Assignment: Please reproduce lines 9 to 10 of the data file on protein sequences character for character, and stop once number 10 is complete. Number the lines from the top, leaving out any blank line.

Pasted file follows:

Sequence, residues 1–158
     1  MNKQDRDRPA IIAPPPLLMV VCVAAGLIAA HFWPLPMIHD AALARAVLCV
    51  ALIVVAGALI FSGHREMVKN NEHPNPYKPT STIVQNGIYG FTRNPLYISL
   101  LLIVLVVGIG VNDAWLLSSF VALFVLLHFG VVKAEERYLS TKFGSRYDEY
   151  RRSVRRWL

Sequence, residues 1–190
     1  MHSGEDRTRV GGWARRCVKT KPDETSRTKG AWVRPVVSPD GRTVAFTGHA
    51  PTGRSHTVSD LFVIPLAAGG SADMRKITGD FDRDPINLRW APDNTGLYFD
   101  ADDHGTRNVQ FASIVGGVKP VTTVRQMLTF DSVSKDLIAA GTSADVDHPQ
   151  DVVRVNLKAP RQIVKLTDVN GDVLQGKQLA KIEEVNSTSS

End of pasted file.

   101  ADDHGTRNVQ FASIVGGVKP VTTVRQMLTF DSVSKDLIAA GTSADVDHPQ
   151  DVVRVNLKAP RQIVKLTDVN GDVLQGKQLA KIEEVNSTSS